2010.09.01 Smart car, stupid man

Smart car,

stupid man

By DAVID GREEN

When my wife and I were returning from the north country a couple of weekends ago, we were passed by a Smart car.

Passed!

Colleen said something about how nuts it was to see this little thing about a quarter the size of our vehicle zipping past us. She was thinking in terms of the danger of driving one of those little things that fast.

I was thinking how nuts it was that they could go that fast. I had a false impression that they were “city cars” and couldn’t go anywhere close to 75 miles an hour. How wrong I was.

The standard Smart car has an electronically-limited top speed of 90 mph., so there’s a little bit to spare.

But is it safe? Getting into a Smart car is described as putting on a suit of armor. You’re entering a steel cage with surprisingly good safety ratings.

There’s an interesting YouTube video of a Smart car running into a concrete wall, just to see what would happen. The cage worked quite well, although the commentator mentions that any people in the vehicle probably wouldn’t have survived the impact. I wonder how passengers fare in other vehicles when hitting concrete at 70 mph?

I read a report of a man walking away from his crashed Smart car after a highway accident. I’ve seen a photo that allegedly shows a Smart car crushed betwixt two trucks. Smart car owners quickly responded by pointing out that it obviously wasn’t a Smart car if you look closely at the little bit of car showing.

Here’s a quote from a study by the Insurance Institute for Highway Safety:

All things being equal in safety, bigger and heavier is always better. But among the smallest cars, the engineers of the Smart did their homework and designed a high level of safety into a very small package.

OK, bigger and heavier is better, but consider the Smart car vs. riding on a motorcycle at 75 mph.

The standard model sells for $11,990, and that’s with manual window controls. For $2,000 more, it’s pretty much equipped with everything you might want.

Those two women heading back to Indiana were getting about 40 miles per gallon when they passed us. Well, maybe not at that speed, but I won’t even mention what we were getting.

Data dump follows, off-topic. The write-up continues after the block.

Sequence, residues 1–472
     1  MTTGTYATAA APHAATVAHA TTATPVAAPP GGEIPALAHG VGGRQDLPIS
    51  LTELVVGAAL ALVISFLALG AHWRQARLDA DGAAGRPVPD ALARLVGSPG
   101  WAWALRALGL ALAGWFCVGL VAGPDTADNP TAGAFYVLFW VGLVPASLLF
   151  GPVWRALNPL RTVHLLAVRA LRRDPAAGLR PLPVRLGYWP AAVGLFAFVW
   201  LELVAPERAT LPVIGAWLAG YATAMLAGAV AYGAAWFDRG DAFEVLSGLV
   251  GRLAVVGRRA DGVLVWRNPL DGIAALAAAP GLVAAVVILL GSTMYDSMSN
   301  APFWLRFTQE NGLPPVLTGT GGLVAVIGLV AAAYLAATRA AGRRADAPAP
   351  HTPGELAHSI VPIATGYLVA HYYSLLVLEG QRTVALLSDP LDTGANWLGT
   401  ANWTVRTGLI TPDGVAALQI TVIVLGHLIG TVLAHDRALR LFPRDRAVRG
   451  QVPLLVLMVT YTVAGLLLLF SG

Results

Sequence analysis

By the way, I read there might be a problem with wind out on the open road, but as writer Patricia Marx points out, in a collision with a disabled kite, the Smart is sure to win.

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When perusing old issues of the Observer for Morenci Through the Decades tidbits, I noticed a column from 1990 about spitting.

Spitting was on my mind that day because I had watched a friend of Ben’s spit up into the air, then try to move out of the way before it came back down. He failed; it got him right in the eye and on the forehead.

I wondered if it were really possible to accomplish, but I wanted to design a safe research project—safe from my vantage point.

Ben was first. He had trouble at the beginning of the study. He was getting a forward arc to the spit and running into it. He soon learned through experience, tilted his head back perpendicular, spit and moved. Like any healthy second grader, I suppose, he could clear it.

For a four-year-old it was a different matter. I don’t think Rosanna had sufficient coordination yet and she was getting rather damp when I called off the research.

Actually I didn’t call it off completely. I needed to know if a middle-aged man in relatively good condition could perform this act.

I went into the back yard, looked around for any neighbors in view, spit and got out of the way.

It’s now 20 years later. I’m more than middle aged, I’m not in the same physical condition, but I’m still curious and maybe still a little stupid.

This time I don’t trust the back yard as my research platform. I’m going into the privacy of my garage to see if I still have what it takes.